Gear Books

Whether your own microclimate has bought into it or not, spring is here, which means that in theory publishers will be taking their annual 8-week hiatus from publishing slow-cooker cookbooks so they can concentrate on grill books.

I always wonder at the everlasting popularity of slow-cooker books.  I mean, slow cookers are so forgiving – you could be off by an hour or two and things will still be basically OK.  The sorts of things you make in them are forgiving too – you can substitute vegetables or herbs or spices or proteins and you’ll still have a good hot supper.  You don’t necessarily need the precise quantities or instructions of a good recipe.  I’m equally puzzled by the recent slew of cast-iron skillet cookbooks.  It’s a skillet! You use it like…a skillet! (I’m sorry.  I don’t mean to offend the 123 members who own this book.  It must be great – tell me why!)

Of course, not every gear book (you can find them all with the handy EYB filter for appliance-related cookbooks) is like that.  I can see strong arguments for getting book help using a pressure cooker, or a griller/smoker like Big Green Egg.  I’ve only just heard of the “halogen oven”, but it sounds like something I’d want some advice for.  I can see arguments for ice cream maker, bread machine, panini press books, even though personally I think I’d be happy with just the manual.

The one technique where I’d spring for a helpful book right now is sous-vide. For Christmas I got a sous-vide controller device that turns my slow cooker into a sous-vide bath.  I’ve mostly been learning from the Modernist Cuisine at Home spiral-bound not-cookbook thing – I think they call it a “kitchen manual.  There’s a small selection of sous-vide books out there already, among which I will search for something focused and authoritative.  I’ll use it for a year, and then I’ll probably be confident (or maybe overconfident) enough not to look at it much again.

What gear books do you gravitate toward, if any? 

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  • ccav  on  March 25, 2014

    Great topic. Speaking for myself, I need a little "help" thinking of these appliances and what works in them. The cookbooks give me a good starting point, and when I find authors who consistently provide reliable, successful recipes, it really gets me going. Then it's easier to riff off of their recipes and be successful.
    I own a rice cooker, bread machine and slow cooker and use all of them quite often (at least once a week, often more in the case of the rice cooker).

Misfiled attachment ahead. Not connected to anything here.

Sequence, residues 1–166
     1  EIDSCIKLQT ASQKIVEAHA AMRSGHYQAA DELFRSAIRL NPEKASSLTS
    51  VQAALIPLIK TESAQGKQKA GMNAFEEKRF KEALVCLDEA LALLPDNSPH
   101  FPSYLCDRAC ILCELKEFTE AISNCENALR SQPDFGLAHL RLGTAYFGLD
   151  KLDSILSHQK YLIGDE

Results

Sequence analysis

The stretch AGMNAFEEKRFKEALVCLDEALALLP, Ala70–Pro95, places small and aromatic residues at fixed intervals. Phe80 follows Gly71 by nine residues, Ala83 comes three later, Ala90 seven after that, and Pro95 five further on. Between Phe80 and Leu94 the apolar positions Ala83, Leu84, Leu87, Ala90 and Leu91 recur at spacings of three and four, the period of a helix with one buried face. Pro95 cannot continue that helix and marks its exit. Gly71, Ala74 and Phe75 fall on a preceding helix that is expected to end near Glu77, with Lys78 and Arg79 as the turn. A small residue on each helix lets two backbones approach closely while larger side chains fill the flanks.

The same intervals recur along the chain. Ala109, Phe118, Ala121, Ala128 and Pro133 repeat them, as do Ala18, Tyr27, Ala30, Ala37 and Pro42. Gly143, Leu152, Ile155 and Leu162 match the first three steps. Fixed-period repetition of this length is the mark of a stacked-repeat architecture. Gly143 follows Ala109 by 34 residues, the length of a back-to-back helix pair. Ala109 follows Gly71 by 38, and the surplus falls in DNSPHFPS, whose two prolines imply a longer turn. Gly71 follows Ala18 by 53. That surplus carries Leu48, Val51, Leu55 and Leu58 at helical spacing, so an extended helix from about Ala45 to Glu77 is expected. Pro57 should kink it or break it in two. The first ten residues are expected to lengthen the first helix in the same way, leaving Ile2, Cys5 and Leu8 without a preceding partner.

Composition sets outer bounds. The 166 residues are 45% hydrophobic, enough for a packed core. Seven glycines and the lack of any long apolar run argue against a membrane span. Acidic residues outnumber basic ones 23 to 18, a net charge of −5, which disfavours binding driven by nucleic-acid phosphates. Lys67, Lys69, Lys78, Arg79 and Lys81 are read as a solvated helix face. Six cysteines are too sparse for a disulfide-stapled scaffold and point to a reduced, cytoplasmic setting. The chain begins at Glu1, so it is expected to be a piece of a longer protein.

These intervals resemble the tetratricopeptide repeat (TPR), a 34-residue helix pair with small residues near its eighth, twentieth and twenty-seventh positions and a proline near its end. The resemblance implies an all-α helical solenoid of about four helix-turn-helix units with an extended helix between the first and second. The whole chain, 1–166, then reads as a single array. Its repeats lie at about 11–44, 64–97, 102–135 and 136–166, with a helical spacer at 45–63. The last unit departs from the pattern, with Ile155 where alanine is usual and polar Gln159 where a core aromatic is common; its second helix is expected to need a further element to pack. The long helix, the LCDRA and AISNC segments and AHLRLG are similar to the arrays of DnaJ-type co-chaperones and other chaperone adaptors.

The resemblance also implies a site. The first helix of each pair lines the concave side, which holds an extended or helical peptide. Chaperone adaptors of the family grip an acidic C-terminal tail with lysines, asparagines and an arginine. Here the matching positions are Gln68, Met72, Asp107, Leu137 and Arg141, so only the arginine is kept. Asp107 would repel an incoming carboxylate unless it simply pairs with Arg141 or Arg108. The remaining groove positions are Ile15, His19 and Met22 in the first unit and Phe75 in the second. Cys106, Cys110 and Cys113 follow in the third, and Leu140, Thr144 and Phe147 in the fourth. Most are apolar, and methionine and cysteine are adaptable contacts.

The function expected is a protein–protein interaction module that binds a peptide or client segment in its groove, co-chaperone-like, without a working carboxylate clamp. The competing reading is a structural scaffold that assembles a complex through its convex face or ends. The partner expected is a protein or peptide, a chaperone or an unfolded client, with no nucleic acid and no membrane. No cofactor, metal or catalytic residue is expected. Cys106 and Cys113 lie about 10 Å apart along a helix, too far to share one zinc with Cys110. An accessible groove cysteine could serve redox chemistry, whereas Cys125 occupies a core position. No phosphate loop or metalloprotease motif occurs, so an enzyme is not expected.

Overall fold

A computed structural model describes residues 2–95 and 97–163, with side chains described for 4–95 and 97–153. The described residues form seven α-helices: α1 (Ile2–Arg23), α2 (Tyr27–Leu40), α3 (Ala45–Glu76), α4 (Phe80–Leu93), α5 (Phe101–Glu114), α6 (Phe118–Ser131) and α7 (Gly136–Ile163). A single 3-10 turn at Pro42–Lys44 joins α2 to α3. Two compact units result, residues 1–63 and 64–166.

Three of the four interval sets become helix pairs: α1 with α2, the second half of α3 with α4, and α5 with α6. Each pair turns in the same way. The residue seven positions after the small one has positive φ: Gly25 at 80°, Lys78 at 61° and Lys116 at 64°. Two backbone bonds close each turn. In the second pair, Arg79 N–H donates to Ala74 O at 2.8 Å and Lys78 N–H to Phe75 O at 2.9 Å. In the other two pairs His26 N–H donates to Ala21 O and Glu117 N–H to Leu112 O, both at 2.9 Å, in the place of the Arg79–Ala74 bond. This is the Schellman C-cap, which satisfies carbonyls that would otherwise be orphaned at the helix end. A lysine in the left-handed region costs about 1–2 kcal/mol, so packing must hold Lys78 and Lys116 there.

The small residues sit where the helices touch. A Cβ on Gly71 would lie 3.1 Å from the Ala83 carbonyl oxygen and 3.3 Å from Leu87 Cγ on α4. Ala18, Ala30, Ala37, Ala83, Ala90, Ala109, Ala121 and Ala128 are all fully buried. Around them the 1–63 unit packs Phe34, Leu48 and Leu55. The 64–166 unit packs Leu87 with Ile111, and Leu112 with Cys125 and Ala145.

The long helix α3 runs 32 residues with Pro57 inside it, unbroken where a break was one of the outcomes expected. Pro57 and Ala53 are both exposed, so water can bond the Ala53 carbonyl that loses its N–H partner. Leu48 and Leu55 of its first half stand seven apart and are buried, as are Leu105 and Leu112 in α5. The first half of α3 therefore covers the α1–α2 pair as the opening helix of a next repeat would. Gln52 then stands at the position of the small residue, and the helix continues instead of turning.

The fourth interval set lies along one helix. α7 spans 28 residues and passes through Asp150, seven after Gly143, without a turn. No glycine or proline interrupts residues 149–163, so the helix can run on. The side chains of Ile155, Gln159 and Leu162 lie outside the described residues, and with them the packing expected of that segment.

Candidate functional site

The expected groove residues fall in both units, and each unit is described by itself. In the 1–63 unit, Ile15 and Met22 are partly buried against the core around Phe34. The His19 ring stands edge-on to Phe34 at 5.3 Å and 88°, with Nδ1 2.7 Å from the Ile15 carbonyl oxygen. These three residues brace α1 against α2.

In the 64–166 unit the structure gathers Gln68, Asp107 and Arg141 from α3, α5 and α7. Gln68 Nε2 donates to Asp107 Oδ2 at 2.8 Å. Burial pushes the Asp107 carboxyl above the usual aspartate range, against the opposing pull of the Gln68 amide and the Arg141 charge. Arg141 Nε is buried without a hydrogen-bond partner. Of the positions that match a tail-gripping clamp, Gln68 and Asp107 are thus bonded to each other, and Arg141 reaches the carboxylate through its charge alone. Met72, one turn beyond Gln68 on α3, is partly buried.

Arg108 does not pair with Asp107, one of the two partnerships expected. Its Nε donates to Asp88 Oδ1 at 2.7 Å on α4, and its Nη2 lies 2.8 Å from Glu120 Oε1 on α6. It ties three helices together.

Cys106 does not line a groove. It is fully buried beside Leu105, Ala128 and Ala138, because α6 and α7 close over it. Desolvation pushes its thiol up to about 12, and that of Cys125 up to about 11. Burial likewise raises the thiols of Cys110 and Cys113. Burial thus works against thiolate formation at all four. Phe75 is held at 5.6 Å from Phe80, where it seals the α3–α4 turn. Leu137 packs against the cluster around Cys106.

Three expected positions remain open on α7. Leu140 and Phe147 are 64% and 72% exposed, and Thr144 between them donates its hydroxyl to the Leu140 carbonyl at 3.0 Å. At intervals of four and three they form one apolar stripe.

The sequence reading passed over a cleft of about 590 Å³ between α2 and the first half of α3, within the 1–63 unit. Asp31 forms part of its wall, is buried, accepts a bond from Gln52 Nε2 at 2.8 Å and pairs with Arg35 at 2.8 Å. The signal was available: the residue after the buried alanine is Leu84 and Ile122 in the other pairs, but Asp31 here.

Favorite, reliable authors for these:
    Beth Hensperger (the best!)
    Judith Finlayson (also wonderful, and healthy options)
    Rick Rodgers (slow cooker book is excellent!)
    Kathy Hester

  • darcie_b  on  March 25, 2014

    I generally avoid the "gear" books because I think they tend to have contrived recipes – how many desserts do you really want to make with a slow cooker? And others focus more on convenience rather than great taste, IMHO. I usually adapt recipes I already like for a specific appliance (i.e. slow cooker, toaster oven). Like you, I recently got a sous vide device (Sansaire) and have been using the internet for recipes, although it would be nice to have a better reference. I suppose Under Pressure by Keller would be a good resource, but other than that & MCAH, I don't know what else is out there. Give it another year, and we'll have a slew of books – that niche will hurriedly be filled.

  • ellabee  on  March 25, 2014

    Re sous vide: There's an online "manual" by Doug Baldwin at . His Sous Vide at Home is indexed in the EYB library, on 88 bookshelves. Have any of you used that book, or his (probably more skeletal) online info? A substantive review of Baldwin vs. Keller vs. MCAH vs. anything else available would be most welcome to the growing number of SVers and possibly-would-be SVers.

  • ellabee  on  March 25, 2014

    Slightly off-topic, but… The EYB book categories baffle me, or at least their inconsistent application does. If there's a specific 'Crockpot & slow cooker' category, why also categorize as 'Appliance'? Most 'Grills & BBQ' books don't also have the 'Appliance' tag. (Though Mario Batali's Italian Grill and a few others do.) Some of this I'm sure is decisions made over time, and a reluctance (understandable) to go back and adjust all the previously categorized books when there's more pressing work to be done.

  • Cubangirl  on  March 26, 2014